Monday, August 11, 2008

Goldstein, Evan R. "Who Framed George Lakoff?" CHRONICLE REVIEW August 15, 2008.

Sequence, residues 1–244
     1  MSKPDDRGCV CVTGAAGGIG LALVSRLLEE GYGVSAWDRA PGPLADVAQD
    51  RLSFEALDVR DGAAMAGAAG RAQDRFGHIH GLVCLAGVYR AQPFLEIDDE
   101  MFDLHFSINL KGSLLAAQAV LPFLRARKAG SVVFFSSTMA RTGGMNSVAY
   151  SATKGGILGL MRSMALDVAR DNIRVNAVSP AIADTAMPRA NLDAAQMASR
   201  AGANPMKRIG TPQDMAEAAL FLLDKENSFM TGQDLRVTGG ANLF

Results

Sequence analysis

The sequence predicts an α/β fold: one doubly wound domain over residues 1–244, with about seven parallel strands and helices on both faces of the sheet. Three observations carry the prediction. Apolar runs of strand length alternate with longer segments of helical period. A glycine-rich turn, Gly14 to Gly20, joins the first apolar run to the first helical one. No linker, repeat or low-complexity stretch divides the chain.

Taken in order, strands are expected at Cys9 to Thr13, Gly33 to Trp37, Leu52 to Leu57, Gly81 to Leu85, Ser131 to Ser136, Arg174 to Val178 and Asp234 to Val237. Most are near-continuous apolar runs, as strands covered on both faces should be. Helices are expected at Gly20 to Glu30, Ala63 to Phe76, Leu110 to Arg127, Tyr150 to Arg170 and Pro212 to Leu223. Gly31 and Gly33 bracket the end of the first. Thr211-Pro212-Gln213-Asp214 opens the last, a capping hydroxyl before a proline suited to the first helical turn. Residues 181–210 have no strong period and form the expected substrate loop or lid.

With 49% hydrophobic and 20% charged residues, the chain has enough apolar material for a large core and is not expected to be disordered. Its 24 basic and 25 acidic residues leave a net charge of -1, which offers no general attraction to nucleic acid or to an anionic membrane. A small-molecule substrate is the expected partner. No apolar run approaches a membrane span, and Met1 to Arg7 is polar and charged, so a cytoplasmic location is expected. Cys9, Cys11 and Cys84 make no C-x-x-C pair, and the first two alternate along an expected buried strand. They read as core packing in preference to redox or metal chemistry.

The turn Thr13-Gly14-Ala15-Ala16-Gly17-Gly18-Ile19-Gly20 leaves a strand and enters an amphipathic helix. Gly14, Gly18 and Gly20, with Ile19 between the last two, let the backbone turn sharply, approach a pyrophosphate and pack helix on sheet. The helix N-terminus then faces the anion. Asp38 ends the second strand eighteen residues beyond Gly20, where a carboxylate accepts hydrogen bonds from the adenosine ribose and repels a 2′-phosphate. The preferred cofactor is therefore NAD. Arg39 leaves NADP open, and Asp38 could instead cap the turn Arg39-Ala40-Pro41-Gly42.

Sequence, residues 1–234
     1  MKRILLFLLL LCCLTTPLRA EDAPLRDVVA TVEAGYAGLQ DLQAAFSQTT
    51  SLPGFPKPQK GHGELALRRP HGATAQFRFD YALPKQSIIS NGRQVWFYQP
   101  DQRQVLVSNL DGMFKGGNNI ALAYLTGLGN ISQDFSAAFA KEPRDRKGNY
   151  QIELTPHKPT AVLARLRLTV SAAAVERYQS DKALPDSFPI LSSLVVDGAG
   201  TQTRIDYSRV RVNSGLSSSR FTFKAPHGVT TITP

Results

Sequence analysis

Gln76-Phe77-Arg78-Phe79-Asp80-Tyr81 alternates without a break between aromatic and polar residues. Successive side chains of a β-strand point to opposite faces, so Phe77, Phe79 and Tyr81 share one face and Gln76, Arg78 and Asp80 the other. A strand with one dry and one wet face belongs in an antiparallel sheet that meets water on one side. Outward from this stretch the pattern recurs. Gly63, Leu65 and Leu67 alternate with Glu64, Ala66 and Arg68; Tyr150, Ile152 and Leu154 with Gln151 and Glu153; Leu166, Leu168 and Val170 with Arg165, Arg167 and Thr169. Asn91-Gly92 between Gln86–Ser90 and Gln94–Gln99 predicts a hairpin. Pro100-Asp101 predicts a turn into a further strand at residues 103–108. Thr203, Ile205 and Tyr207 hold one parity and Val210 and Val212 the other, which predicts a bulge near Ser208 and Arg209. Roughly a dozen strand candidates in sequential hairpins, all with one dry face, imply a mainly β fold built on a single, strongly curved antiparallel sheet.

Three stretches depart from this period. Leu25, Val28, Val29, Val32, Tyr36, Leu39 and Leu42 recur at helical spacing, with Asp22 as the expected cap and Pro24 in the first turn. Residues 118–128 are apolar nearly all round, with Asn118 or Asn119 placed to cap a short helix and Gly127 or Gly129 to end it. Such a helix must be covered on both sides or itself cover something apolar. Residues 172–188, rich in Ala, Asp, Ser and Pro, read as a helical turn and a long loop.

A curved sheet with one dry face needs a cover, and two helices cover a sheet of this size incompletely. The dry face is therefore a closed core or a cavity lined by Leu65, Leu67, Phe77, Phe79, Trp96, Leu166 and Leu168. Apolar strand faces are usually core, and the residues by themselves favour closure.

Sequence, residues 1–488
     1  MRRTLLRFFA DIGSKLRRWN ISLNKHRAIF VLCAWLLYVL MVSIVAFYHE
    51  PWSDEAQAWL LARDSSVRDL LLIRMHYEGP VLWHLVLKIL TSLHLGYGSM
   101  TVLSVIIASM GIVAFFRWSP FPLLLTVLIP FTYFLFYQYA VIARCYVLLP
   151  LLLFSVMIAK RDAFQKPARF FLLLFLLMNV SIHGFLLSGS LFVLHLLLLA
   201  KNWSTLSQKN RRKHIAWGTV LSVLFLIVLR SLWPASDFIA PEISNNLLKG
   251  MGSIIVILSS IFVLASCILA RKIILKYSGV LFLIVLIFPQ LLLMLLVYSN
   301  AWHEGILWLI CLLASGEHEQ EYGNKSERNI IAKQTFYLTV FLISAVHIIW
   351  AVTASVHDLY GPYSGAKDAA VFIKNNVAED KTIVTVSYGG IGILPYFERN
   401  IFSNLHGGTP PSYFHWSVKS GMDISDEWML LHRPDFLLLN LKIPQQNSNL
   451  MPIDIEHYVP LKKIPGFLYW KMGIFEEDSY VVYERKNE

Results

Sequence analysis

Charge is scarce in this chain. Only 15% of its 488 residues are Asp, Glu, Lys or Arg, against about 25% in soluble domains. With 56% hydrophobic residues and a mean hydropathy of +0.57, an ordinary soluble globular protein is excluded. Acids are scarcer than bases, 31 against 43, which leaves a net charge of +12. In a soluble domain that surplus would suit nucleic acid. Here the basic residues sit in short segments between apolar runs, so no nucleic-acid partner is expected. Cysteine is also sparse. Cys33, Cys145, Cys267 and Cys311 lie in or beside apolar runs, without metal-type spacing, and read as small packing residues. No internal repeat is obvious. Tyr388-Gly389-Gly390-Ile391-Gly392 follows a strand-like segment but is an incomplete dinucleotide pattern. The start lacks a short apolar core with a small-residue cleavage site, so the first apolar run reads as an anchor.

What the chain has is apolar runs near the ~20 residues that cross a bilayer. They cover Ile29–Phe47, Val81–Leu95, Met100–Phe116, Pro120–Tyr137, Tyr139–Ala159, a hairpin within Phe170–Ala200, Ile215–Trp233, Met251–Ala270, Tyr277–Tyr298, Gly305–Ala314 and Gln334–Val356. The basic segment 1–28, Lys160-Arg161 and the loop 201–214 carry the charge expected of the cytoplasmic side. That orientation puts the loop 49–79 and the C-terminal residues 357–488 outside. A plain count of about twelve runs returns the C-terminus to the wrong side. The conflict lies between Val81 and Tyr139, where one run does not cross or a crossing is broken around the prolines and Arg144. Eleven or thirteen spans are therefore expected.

In the late 1960s, Lakoff joined company with some of Chomsky's students and colleagues and began pushing the noted scholar's landmark theory of generative grammar in more expansive directions, in particular toward the study of meaning. Chomsky maintained that linguistics methodology required that a line be drawn between the meaning of language and the function of language (syntax). Lakoff and his fellow dissidents, who became known as generative semanticists, considered such a distinction arbitrary and wrong-headed. One generative semanticist equated it to a theory of the stomach that ignores digestion. Around the same time, Lakoff began a career-long habit of making incursions into other fields — philosophy and psychology in particular — and incorporating some of those findings into his linguistics scholarship. The tension between the two camps was palpable during a series of famous lectures that Chomsky gave at the Massachusetts Institute of Technology beginning in 1967, in which Chomsky began to challenge the work Lakoff and his colleagues were doing. Chomsky felt the generative semanticists were leading linguistics into areas so tangentially related to language that he questioned whether they were doing linguistics at all. With Lakoff and other dissident linguists often in the audience, Chomsky's lecture hall became a scene of intense, acid-tongued intellectual combat. One illustrative episode, recounted in Randy Allen Harris's The Linguistics Wars (Oxford University Press, 1993), has Lakoff repeatedly interrupting Chomsky to shout, "Noam! Noam! You're wrong!" At another point, Lakoff interjects: "I have been lecturing about these things, and if you are interested, you should come to my class." As Harris, a professor of rhetoric and communication design at the University of Waterloo, Ontario, notes wryly, "the level of gall required for anyone, let alone a junior lecturer, to tell the inventor of the field to attend his classes if he wanted to stay current goes right off the chutzpah meter." Though there remains some debate about how the linguistics wars ended, Chomsky is widely regarded as having retained his place at the center of the discipline. It's his theories that you'll find today in most linguistics textbooks. "When the intellectual history of this age is written, Chomsky is the only linguist whom anybody will remember," says Geoffrey Nunberg, an adjunct professor at the School of Information at the University of California at Berkeley and a consulting professor of linguistics at Stanford University. . . . Read the rest here:

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